One of the founding principles of our democratic republic is that we elect other people to speak on our behalf. Throughout most of our lives, it has been drilled into our heads that this is how our system of representative government works. As a result, many citizens believe their patriotic responsibility begins and ends in the voting booth. Even though keeping citizens on the sidelines, other than on election day, may be compatible with the way our democracy is supposed to work, it is a serious threat to the future of our public schools which need the full support of an engaged, knowledgeable and empowered public in order to take them back.
According to J. Renee Gordon, Chief Executive Officer of E Squared, between 2009 and 2014 there has been a 39% decline in the number of students going into education at colleges and universities across the country. In addition, depending upon the rate at which those who are eligible to retire go ahead and retire, she is projecting a shortage of between 650,000 and 1.5 million classroom teachers within the next five years. E Squared provides staff recruitment support for our nation’s schools.
Four years ago this coming November, a statewide initiative led by Ohio’s school superintendents to give their citizens a stronger voice in shaping education policy was born. Today, the Ohio Public School Advocacy Network includes 140 school districts. Early next year, local residents from 20 Ohio school districts will take an important step in turning this superintendent-led initiative into a grassroots movement led by Ohio’s citizens. In January, they will begin building community-based discussion groups in their districts to learn about and deliberate on education policy issues and concerns impacting their local public schools. This initial pilot effort, in turn, will serve as the foundation for creating a statewide network of community-based discussion groups.
Included in the initial draft of a new book that my long-time friend and colleague, Charlie Irish, and I are writing, is an entire chapter devoted to the power of deliberation. In this chapter of Cleaning Up the Mess from Sacred Cows: A Strategy to Save Our Public Schools, we share a powerful quote from an essay for the Kettering Foundation in which Scott London writes that the objective of deliberative dialogue is not so much to talk together but to think together: “Deliberative dialogue differs from other forms of public discourse — such as debate, negotiation, brainstorming, and consensus-building — because the objective is not so much to talk together as to think together, not so much to reach a conclusion as to discover where a conclusion might lie. Thinking together involves listening deeply to other points of view, exploring new ideas and perspectives, searching for points of agreement, and bringing unexamined assumptions into the open.”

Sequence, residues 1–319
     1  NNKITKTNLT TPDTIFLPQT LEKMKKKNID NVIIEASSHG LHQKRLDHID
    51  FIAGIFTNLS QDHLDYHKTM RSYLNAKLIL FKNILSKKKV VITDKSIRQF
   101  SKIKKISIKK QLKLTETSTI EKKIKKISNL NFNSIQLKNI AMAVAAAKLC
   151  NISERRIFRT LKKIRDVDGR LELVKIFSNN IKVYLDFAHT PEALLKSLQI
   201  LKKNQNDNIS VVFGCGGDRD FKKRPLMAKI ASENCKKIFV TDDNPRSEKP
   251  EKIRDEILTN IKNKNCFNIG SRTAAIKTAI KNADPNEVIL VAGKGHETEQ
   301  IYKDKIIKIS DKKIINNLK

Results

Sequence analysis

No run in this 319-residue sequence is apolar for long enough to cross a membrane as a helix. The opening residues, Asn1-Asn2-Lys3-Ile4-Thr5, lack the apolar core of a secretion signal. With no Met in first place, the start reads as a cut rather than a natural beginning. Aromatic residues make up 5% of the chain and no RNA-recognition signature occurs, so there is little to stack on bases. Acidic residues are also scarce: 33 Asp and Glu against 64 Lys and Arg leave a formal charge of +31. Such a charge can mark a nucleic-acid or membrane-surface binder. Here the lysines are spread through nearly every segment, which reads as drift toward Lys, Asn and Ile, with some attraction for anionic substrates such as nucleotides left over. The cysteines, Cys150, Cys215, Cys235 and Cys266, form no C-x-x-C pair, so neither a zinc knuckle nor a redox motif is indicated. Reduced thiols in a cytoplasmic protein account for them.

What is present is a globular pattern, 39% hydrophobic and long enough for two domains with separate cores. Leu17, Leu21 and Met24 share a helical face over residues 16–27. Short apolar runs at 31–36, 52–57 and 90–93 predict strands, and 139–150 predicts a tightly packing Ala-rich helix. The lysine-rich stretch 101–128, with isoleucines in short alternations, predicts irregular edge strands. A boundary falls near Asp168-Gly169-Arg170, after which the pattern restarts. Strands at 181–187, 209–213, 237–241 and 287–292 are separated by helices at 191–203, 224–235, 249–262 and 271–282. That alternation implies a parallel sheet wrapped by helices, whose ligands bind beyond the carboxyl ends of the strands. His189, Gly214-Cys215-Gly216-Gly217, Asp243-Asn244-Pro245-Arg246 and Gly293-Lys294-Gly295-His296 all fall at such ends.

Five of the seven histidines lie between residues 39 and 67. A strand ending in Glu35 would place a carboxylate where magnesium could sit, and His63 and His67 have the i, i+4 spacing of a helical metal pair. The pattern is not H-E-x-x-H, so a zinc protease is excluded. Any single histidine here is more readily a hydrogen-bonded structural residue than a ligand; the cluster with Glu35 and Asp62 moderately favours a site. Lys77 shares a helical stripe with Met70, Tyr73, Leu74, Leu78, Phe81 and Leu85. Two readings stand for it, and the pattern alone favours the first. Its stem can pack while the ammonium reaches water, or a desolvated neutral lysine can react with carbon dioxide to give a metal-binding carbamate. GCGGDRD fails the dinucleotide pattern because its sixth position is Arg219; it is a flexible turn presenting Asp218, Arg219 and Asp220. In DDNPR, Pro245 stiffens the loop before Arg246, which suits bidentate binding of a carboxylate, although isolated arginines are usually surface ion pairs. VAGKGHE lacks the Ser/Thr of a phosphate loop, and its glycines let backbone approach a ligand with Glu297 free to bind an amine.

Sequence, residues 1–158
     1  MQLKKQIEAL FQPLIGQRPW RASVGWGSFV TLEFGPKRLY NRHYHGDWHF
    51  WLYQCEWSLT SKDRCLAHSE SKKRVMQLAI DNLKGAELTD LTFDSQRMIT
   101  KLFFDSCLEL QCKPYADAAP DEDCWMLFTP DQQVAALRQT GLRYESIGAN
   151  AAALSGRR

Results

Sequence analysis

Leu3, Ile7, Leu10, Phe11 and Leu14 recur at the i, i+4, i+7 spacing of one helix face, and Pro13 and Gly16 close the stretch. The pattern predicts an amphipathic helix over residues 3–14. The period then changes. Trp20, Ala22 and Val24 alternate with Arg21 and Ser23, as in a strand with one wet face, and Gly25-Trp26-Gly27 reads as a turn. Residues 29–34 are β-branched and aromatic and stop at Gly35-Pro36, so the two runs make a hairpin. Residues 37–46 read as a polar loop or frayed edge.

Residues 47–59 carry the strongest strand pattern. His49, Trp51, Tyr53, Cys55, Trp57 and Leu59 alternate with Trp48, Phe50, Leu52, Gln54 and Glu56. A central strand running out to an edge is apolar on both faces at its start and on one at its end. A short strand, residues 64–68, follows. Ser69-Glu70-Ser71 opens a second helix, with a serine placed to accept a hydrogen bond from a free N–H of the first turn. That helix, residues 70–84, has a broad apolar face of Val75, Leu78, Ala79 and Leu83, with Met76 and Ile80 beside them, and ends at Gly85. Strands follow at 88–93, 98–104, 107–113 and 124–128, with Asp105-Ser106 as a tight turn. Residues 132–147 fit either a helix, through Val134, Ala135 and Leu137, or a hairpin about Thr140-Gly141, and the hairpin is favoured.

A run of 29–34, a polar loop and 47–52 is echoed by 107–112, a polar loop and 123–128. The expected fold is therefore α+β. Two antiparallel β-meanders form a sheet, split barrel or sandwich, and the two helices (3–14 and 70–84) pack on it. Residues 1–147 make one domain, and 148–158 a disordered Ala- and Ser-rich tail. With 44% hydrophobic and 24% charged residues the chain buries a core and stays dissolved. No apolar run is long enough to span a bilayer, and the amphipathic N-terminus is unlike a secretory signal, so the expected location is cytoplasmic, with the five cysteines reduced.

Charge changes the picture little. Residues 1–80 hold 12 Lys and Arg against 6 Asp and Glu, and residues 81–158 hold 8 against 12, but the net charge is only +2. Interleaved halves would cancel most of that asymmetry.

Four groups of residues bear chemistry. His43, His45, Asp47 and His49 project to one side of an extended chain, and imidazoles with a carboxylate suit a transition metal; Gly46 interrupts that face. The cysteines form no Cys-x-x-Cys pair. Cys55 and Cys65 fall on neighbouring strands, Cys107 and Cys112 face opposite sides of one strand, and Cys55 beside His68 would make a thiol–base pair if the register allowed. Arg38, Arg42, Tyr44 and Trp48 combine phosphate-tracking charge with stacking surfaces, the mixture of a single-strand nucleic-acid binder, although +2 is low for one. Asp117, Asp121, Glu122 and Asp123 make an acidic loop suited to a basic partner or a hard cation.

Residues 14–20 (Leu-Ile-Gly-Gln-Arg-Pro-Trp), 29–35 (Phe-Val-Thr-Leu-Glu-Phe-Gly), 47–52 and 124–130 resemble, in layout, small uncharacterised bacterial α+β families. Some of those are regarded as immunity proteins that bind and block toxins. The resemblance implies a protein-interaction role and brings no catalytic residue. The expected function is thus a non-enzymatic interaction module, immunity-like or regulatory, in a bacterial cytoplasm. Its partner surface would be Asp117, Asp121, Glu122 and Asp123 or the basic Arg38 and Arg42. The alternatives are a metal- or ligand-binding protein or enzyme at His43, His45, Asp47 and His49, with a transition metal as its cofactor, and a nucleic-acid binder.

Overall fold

Over the past 25 years, I’ve turned to the work of the Kettering Foundation in Dayton, Ohio, to help me better understand some of the most important challenges facing our public schools. One of Kettering’s research questions continues to be: Is there a public for the public schools? While I don’t pretend to have all of the answers to this pivotal question, I have a theory that I’d like to share. Since most citizens only have a vague idea of the education taking place today in our public schools, it is no wonder that there’s such a wide gap between what our public schools are actually doing and what much of the public thinks they are doing. As a result, most of our public schools and the communities they serve are like two ships passing in the night. To help close this gap, the public needs to hear directly from our teachers about how they are trying to address the educational needs of our children and the barriers that are getting in their way. To learn how some of our educational leaders are taking steps to strengthen the connection between the public and… Continue reading